Key provisions of the CARES Act and charitable giving in 2020
In response to the health crisis facing our nation, the Coronavirus Aid, Relief and Economic Security (CARES) Act became law in March of 2020. Most of the reporting surrounding the Act has focused on the economic relief that will be coming to individuals and businesses, but there are provisions contained in the Act that impact charitable giving options for individuals who are interested in supporting Children’s Hospital of Richmond at VCU during these unprecedented times. Key provisions of the new law that could influence charitable giving decisions in 2020 include:
Impact on charitable gifts made in 2020
- The CARES Act created a temporary above-the-line charitable tax deduction for cash donations of $300 per individual or $600 for joint filers. This deduction is only available to individuals who do not itemize their returns and claim the standard deduction ($12,400 for singles, $18,650 for head of household, $24,800 for married filing jointly). The inclusion of a universal charitable deduction may encourage those who do not itemize to continue their charitable giving in 2020.
- For individuals who itemize, the cap on deductions taken for annual contributions has been lifted from 60% to 100% of AGI for cash gifts to public charities in 2020. Any excess can be carried forward for five (5) years. Gifts made to Donor Advised Funds (DAFs) do not qualify for the increased deduction. While the Act does not specifically exclude cash gifts to fund charitable remainder trusts and charitable gift annuities, these types of gifts will likely be excluded. Please speak with your professional advisors for information specific to your individual situation.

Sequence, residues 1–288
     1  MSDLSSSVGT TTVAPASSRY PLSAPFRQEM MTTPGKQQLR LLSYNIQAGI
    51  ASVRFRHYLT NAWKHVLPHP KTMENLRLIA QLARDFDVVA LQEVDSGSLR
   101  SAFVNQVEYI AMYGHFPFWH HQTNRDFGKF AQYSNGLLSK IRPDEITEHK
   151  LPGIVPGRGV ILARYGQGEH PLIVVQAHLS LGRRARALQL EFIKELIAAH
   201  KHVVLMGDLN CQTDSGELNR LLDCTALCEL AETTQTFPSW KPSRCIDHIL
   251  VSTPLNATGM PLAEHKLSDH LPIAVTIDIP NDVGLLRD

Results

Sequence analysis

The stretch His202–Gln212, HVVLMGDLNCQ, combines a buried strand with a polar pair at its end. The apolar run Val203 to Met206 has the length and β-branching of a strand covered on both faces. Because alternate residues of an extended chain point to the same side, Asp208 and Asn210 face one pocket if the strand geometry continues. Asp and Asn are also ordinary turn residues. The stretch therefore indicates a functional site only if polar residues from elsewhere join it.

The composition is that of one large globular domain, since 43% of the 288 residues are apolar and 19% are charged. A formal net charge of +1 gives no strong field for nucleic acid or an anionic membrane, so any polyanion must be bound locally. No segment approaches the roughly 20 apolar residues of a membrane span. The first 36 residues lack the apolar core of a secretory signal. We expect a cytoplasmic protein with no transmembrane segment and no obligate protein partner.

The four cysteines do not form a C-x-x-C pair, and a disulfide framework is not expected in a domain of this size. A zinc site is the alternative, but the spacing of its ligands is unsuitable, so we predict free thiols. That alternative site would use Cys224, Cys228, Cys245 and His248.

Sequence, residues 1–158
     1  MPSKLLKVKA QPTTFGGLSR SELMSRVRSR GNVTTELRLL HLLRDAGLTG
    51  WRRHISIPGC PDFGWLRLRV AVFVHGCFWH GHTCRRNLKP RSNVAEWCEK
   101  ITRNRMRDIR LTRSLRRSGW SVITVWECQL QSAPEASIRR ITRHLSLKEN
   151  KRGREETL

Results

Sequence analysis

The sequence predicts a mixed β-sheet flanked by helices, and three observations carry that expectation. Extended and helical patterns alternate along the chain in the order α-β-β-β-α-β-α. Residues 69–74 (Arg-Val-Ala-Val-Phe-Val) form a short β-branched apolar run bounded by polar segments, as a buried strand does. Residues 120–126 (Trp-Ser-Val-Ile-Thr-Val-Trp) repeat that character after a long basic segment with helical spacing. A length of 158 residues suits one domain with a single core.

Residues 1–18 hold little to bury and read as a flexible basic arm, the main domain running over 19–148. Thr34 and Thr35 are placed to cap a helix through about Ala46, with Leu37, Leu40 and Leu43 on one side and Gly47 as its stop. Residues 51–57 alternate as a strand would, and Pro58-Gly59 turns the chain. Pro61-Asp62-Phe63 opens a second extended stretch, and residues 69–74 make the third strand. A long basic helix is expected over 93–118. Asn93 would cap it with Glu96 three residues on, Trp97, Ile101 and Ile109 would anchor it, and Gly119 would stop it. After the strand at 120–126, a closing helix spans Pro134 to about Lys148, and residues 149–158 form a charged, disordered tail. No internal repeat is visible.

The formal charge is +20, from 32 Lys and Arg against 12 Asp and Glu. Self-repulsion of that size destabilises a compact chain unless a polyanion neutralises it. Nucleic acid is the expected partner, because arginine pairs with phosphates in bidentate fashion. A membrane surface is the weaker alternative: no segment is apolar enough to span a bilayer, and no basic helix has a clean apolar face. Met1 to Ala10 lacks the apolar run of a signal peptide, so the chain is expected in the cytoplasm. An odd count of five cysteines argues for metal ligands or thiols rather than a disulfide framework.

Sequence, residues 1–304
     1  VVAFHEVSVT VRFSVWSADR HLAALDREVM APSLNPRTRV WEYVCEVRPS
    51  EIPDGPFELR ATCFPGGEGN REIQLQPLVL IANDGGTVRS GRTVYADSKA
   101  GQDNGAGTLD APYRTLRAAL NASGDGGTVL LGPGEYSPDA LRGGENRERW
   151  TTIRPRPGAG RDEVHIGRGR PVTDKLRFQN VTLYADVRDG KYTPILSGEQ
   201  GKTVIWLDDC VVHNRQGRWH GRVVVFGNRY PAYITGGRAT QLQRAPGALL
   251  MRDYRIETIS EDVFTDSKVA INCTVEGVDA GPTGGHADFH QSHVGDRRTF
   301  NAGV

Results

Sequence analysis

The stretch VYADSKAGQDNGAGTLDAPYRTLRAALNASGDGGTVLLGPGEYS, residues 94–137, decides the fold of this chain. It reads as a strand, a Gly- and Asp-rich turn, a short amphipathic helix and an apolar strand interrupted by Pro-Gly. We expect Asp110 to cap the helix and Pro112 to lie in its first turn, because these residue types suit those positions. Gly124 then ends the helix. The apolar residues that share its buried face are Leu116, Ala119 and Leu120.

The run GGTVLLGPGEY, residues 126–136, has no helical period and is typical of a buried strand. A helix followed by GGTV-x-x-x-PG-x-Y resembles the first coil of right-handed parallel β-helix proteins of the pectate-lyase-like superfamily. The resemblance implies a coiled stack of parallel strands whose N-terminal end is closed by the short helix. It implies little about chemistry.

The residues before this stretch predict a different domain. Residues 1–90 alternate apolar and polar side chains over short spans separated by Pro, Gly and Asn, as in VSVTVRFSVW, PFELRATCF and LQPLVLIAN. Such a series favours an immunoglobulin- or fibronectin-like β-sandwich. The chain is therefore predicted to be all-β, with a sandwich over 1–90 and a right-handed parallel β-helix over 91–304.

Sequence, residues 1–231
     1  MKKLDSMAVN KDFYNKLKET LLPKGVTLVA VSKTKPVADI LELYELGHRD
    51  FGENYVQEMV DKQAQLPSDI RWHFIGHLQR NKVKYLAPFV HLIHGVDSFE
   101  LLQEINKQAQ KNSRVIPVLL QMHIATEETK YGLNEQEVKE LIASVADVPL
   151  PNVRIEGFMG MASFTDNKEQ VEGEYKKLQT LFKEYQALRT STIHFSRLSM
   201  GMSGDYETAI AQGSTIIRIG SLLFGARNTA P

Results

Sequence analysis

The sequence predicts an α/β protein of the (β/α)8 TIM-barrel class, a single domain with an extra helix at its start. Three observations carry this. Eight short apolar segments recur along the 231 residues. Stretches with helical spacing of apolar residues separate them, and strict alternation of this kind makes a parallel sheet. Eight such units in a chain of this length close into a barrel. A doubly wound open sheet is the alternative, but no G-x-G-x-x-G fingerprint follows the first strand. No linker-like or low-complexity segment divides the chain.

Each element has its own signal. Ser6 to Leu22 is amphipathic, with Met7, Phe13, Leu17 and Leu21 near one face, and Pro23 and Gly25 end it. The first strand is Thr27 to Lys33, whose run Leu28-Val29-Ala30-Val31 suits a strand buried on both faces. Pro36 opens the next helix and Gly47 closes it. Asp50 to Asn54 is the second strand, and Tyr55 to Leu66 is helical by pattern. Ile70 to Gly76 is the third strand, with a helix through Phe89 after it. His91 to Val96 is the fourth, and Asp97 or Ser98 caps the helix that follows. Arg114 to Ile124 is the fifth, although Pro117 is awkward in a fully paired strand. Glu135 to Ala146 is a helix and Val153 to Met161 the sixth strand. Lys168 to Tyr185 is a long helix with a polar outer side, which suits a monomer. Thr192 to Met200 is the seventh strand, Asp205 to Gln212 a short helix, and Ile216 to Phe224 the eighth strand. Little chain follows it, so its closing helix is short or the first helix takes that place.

Impact on retirement accounts for 2020
- The new law impacts some owners of Individual Retirement Accounts (IRAs) by providing a temporary waiver of Required Minimum Distributions (RMDs). This waiver will allow IRA owners age 72 or older to keep funds in their IRAs and other qualified retirement plans. For individuals who had to take a RMD for tax year 2019 before the April 2020 deadline, that requirement has been waived for the year.
- With recent fluctuations in the financial markets, individuals with IRAs should work with their professional advisors to determine the best strategy for giving through their IRAs. For some, keeping the funds in their IRAs until the market rebounds might be the best option. For others, continuing to make tax-free charitable gifts directly from their IRAs may be preferable.
- Individuals age 70½ and older can continue to make tax-free charitable gifts directly from their eligible IRAs through Qualified Charitable Distributions (QCDs).
The new law, coupled with current financial uncertainty, has created an opportunity for those concerned about their income from investments. Individuals may like to consider charitable gift annuities that offer fixed and guaranteed income or other charitable vehicles that offer income streams. We recommend discussing options with professional advisors or contacting the Children’s Hospital Foundation team.
If individuals or their advisors have questions or would like additional information, please contact Amy Enoch, Annual Fund Manager at email@example.com.